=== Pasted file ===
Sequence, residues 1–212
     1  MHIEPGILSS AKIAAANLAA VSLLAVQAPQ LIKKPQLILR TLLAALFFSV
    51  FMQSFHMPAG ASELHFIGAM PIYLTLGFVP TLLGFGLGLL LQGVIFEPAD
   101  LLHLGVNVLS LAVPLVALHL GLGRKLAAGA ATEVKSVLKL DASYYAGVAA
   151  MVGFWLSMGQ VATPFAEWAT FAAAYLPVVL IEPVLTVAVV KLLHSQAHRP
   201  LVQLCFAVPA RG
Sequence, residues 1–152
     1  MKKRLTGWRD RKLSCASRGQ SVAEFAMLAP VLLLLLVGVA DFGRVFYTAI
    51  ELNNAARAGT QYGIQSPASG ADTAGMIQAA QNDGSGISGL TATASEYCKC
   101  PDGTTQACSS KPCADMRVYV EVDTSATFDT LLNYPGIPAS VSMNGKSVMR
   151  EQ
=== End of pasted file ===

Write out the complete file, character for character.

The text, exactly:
Sequence, residues 1–212
     1  MHIEPGILSS AKIAAANLAA VSLLAVQAPQ LIKKPQLILR TLLAALFFSV
    51  FMQSFHMPAG ASELHFIGAM PIYLTLGFVP TLLGFGLGLL LQGVIFEPAD
   101  LLHLGVNVLS LAVPLVALHL GLGRKLAAGA ATEVKSVLKL DASYYAGVAA
   151  MVGFWLSMGQ VATPFAEWAT FAAAYLPVVL IEPVLTVAVV KLLHSQAHRP
   201  LVQLCFAVPA RG
Sequence, residues 1–152
     1  MKKRLTGWRD RKLSCASRGQ SVAEFAMLAP VLLLLLVGVA DFGRVFYTAI
    51  ELNNAARAGT QYGIQSPASG ADTAGMIQAA QNDGSGISGL TATASEYCKC
   101  PDGTTQACSS KPCADMRVYV EVDTSATFDT LLNYPGIPAS VSMNGKSVMR
   151  EQ